Restoration of Colosseum's killing floor sparks debate

Culture minister wants to bring back gladiator arena

(ANSA) - Rome, November 3 - The proposed restoration of the Colosseum's killing floor has sparked a keen debate in Italy after the culture minister suggested the storied stage for ancient gladiatorial and animal fights could be built back into Rome's most iconic monument.
    In a tweet on Sunday, Cultural Minister Dario Francheschini said it would "just take a little courage" to do so.
    The idea to restore the stage was suggested by archeologist Daniele Manacorda in July in the archeological journal Archeo.
    In Sunday's tweet, Francheschini included a visual comparison using a modern photo showing the exposed underground tunnels, along with one from the mid-1800s in which the stage was still in place over the tunnels, similar to ancient times.
    Francheschini tweeted: "I really like the idea of giving the Colosseum its arena back", along with the photos, showing the Colosseum both before and after the excavations of the so-called hypogeum (literally, 'under ground') area. The 2,000-year-old symbol of Rome expanded its range of tourist attractions when it began allowing access to the underground pits where gladiators and beasts awaited their fate on the ancient stage.
    In a multi-million-euro project, the hypogeum underground area was restored and opened to the public in October 2010 with new, muted lighting effects.
    Rossella Rea, superintendent of the monument formally known as the Flavian Amphitheatre, said the hope was to have recaptured 'some of the atmosphere' of the breathless moments before the games commenced, when the armoured or naked fighters and the wild animals were hauled up through 80 trap-doors.
    Adding back an arena stage in the Colosseum, which attracts five million visitors a year, would allow the cultural ministry to sponsor and offer performances in the Colosseum, as well as tours more suggestive of its original underground atmosphere.
    Francheschini's support of the idea falls in line with other initiatives the culture ministry has launched in recent times to increase the number of visitors to monuments in Rome, such as the evening multimedia light show in the Forum of Augustus that was put in place this year to celebrate the 2000th anniversary of the first emperor's death.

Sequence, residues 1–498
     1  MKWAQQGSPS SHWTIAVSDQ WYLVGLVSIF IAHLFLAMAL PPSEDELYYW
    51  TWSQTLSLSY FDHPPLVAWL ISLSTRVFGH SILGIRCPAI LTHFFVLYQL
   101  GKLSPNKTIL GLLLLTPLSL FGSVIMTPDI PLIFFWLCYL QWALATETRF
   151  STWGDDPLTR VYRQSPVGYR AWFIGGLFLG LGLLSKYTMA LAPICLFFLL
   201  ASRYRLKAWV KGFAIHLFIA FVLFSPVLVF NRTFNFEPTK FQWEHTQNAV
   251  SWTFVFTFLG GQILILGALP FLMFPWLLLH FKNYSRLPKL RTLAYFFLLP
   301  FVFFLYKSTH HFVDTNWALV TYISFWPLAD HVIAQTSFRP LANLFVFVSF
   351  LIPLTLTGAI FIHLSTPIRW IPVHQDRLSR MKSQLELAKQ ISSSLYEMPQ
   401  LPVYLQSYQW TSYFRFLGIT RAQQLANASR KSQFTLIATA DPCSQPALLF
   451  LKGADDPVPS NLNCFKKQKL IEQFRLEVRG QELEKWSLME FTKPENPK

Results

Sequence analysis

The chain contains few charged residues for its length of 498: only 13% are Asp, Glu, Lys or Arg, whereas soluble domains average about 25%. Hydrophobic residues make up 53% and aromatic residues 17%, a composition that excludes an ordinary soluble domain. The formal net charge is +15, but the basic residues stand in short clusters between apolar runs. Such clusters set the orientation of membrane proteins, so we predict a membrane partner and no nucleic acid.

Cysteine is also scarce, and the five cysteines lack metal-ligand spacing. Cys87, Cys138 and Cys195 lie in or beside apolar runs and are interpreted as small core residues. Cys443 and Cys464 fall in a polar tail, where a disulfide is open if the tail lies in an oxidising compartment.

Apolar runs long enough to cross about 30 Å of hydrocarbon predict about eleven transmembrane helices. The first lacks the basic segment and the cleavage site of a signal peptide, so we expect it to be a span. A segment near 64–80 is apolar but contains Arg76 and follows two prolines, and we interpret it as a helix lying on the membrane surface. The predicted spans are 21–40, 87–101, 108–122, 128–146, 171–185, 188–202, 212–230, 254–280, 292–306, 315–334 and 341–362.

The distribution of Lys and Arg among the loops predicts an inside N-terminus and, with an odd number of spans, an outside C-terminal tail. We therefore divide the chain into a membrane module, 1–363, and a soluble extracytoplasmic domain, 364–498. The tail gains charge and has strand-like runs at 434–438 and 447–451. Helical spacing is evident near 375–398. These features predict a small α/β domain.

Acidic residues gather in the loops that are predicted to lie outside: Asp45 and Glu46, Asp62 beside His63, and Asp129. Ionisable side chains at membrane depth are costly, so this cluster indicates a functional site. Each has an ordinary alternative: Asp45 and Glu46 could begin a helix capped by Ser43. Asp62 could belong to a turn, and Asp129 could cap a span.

The idea of bringing back the killing floor hasn't met with full support from experts in the field, however.
    "It's a culturally weak idea, commonplace and banalizing," said art historian Tomaso Montanari.
    "With all there is to do, with all the enormous cultural heritage in danger, so many unknown things among our treasures, is it right for the cultural minister to focus on the Colosseum and its use as a performance venue?" Montanari asked.
    Art historian and archeologist Salvatore Settis said Italy is facing a "dramatic moment for cultural heritage protection" and that the Unblock Italy law has "devastating regulations" that make restoring the Colosseum's stage "an unreasonable priority".
    Manacorda, the archeologist who proposed the idea, said, "I don't see any problems [in restoring the arena]. Giving the underground back its 'undergroundness' means offering the possibility of visiting the underground labryinth in a way that makes sense".
    Manacorda said restoring the stage would return the Colosseum to its origins as a place for hosting public events and shows.
    Also in support of the idea is the former superintendent of Rome's antiquities for nearly 30 years from 1976-2004, Adriano La Regina, an archeologist and art historian.
    "The Colosseum was designed to be an arena," La Regina said, but he also cautioned that the expense to restore the arena as well as the upkeep costs should be taken into consideration.
    Construction on the iconic arena started between 70 and 72 AD under the Emperor Vespasian.
    It was completed in 80 AD by his son Titus, who financed the project from the booty his armies seized in the war against the Jews in 66-70 AD.
    Titus inaugurated it with 100 days of games including the recreation of a sea battle between Romans and Greeks.
    The father-and-son team - the so-called Flavian emperors - built their monument to Rome's grandeur in travertine stone before giving it the marble cladding that amazed contemporaries - and was still its crowning glory until generations of popes picked away at it for their own architectural testaments.
    The monument is currently undergoing a 20-million-euro clean-up and restoration sponsored by Diego Della Valle, the billionaire owner of Italian leather goods company Tod's.


Change cookie consent